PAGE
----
I lived in an area that at one time was used by the Oakland Raiders for summer training. My brother had a friend who played for them and he could never remember my name. One day we were all on the river enjoying a day in the sun and my brother's friend said, "You have an unusual name but I can't remember it." My response? "I know that it would be difficult for someone with a football mentality to remember. It's two whole letters. Ro.
R O- take notes if you can't keep up." He laughed and said he would do his best to remember. I saw him several months later and he smiled and said, "Don't tell me. You made an impression on me the last time. I'll remember, just give me a minute." Much to my surprise he blurted out, "CURTIS! Curtis Rowe! See? I remembered!" From that day on my brother has called me Curtis. His son calls me Aunt Curtis. I get introduced to people as Curtis which leads to the inevitable "That's an unusual name for a woman, how do you spell it?" Imagine their surprise when I say, "R O."
Luigi was my name before I was born. My mother had been married before she met my father and had three children. My sibling's names all begin with the letter "L" and my mom wanted to do that with me. My father announced my name would be Rosemarie if I was a girl and if I was a boy she could name me any "L" name she wanted just as long as it was Italian. Really? An Italian L name? Mom called me Luigi. My Christmas presents and birthday presents were addressed to Luigi. I'd give a million dollars to hear her say one more time, "Hey, Luigi!" with her flawless Italian accent and her green Irish eyes twinkling while she did.
Today I was contacted by someone I haven't seen in probably 32-33 years. She was a teenager and the daughter of my sister's boyfriend. We met briefly as my sister introduced her boyfriend's family to her family. My sister and her father didn't stay together that long. My sister always called me Rockie which she derived from Rockarie which may have preceded Rosarie, I am not too sure which of those came first. The young woman that contacted me called me Rockie and told me that she had been impacted by knowing me. She remembered I was an EMT and that had really impressed her because EMT's save people's lives. She lamented the fact that parents introduce kids to people they fall in love with and then never think twice when they part ways. I was humbled and convicted.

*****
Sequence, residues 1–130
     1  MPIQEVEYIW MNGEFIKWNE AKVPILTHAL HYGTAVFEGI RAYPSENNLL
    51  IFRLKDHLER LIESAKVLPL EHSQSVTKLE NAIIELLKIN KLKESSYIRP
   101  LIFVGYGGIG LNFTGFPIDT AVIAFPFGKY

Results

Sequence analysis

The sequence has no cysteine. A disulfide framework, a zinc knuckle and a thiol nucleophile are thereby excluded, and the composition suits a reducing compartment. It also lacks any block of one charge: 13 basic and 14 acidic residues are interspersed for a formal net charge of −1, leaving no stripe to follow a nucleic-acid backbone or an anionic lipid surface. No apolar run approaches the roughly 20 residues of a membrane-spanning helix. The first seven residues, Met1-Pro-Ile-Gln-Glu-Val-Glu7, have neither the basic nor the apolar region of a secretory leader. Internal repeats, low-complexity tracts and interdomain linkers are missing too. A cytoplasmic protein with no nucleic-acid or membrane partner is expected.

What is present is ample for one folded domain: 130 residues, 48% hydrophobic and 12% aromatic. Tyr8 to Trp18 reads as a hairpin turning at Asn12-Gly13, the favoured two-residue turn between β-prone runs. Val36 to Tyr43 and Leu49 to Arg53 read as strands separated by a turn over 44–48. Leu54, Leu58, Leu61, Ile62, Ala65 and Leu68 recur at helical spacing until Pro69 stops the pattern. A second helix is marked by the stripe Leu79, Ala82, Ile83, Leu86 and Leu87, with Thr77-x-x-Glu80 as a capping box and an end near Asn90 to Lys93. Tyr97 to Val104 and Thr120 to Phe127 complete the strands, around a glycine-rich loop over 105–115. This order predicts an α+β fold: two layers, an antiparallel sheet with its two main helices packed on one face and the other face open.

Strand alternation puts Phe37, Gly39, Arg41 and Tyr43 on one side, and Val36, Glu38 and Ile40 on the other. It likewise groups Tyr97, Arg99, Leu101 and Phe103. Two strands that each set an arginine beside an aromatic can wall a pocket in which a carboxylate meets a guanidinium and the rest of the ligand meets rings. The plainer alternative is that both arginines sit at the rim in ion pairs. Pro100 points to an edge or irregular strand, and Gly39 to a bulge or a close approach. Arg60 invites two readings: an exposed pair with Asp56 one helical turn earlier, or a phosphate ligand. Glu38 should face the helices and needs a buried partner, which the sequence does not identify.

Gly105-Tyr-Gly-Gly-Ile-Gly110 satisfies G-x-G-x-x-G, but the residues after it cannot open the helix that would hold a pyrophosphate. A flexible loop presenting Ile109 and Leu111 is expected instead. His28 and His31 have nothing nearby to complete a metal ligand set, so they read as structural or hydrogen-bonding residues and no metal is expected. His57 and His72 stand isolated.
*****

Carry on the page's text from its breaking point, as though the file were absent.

First of all, I hated being an EMT. I was a volunteer firefighter and EMT as a means to an end. I wanted to work in public safety as a dispatcher for the sheriff's office. The few runs I went on as an EMT were horrible. Why? Because I did what they had trained me to do and the people still died. OK, not everyone I treated died- but the first call I ever went on that man died. He did not play by the rules as laid out in the text and training. He did not keep his end of the bargain. I avoided going on calls after that unless I was certain of the patient's ability to play fair and stay alive. I am glad I was an EMT and I am glad I have the knowledge base, but I despised the work. I had to find ways to quit asking myself, "Did you do something wrong? Did you cause them to die? Did you not do enough to save them?"
Second thing that bothers me is that I knew this young woman for a split second on the time line of my life. Truth is I have wondered about her and her brother for years. I remember being nice to her. I think generally I was a nicer person then. But I am sorely convicted that had I tried to be winsome throughout my life, I might have really influenced some young woman when it mattered. It didn't take much to impress her. I assure you, I have never been a super-hero, I'm more of a super zero.
That's the point I want to drive home for you, my three readers. Being winsome doesn't cost much but the payoffs could be eternal. I am sort of glad to have the chance to reconnect with this young woman and maybe it's not too late to teach Aunt Curtis how to get along with others.